• Bladder infections - just due to the fact that you were hospitalised and in theatre (so called nosocomial infections)
  • Difficulty in passing urine in the first 24-48 hours


2.  Risks related to the entry into the abdomen using a laparoscope

  • Bleeding
    • this can be due to damaging blood vessels when inserting the ports or during surgery
    • in nearly all cases of bleeding, it can be managed easily, however, damage to one of the large blood vessels, may lead to conversion to a laparotomy and possibly placing of a prosthesis to repair the damaged blood vessel
    • the incidence of this is reported to be around 0.05 and 0.5%
  • Damage to the bowel during entry
    • usually there will be higher risks when you have had previous surgeries, especially midline surgical procedures
    • care will be taken to prevent this complication at all costs and if it happens, to recognise the damage and to repair the damage
    • in very rare circumstances, a colostomy bag may be performed.  This will be temporary and will be closed after 6 weeks
    • the risk of this complication is aound 0.7%


3.  Risks related to the excision of the lesions in the pelvis

  • damage to underlying structures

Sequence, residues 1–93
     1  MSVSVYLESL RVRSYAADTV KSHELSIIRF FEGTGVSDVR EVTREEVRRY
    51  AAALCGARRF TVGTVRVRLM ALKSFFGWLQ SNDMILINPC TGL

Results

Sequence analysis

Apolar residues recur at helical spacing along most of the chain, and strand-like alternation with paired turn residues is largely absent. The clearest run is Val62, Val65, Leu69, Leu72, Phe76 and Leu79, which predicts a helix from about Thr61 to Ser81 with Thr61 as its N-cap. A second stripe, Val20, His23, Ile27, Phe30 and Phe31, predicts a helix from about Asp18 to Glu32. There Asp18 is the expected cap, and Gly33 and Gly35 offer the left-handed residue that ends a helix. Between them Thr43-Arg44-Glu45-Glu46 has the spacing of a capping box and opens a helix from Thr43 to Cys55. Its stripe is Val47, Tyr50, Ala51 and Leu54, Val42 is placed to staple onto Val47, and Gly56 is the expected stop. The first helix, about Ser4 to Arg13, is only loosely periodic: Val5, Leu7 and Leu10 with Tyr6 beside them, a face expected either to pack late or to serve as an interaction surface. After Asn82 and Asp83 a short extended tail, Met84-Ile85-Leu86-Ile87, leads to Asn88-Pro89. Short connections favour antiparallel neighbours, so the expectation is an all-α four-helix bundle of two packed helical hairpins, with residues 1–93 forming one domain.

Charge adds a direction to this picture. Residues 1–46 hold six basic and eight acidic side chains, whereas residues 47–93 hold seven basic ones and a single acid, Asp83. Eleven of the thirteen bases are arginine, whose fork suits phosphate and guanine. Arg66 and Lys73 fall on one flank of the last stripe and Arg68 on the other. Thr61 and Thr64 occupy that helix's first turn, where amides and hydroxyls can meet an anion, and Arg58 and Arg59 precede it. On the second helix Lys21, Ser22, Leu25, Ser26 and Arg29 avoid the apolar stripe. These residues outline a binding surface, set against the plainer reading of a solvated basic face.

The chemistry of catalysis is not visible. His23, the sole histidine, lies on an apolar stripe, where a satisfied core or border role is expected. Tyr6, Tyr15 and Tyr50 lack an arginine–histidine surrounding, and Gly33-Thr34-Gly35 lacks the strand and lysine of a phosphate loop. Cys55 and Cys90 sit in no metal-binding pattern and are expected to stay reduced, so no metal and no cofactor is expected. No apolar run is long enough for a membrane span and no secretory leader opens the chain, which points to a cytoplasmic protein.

• adhesion formation
    • this is nearly impossible to prevent, and will follow nearly all surgical procedures performed in any way in any location
  • damage to nerves
  • nerves are to small to see all of them
    • the important nerves that I worry about are the ones leading to the bladder and they have a high risk of damage in patients with recto-vaginal endometriosis
    • due to this, it may happen that we will excise deep endometriosis on one side where the nerve is and on the other side, not dissect to deep.
    • this may lead to the preservation of the nerve function, but residual disease left behind.  One has to weigh up the risks vs benefits


4.  Risks related to surgery on the bowel

  • unintentional opening of the bowel
    • as the dictum of surgery is to follow the disease and excise as complete as possible, sometimes, I will land in the bowel lumen.
    • this defect will be sutured at the time of the surgery and you may stay a night or 2 longer in hospital and have some extra antibiotics
  • shaving on the bowel
    • when shaving is done, the outer layer of the bowel is removed where the endometriosis is
    • very little if any electricity is used on the bowel as this can lead to a perforation after a few days after the surgery
    • I always test the bowel if there is any defect in the bowel wall, but this does not say that it cannot happen after 48 - 72 hours following the surgery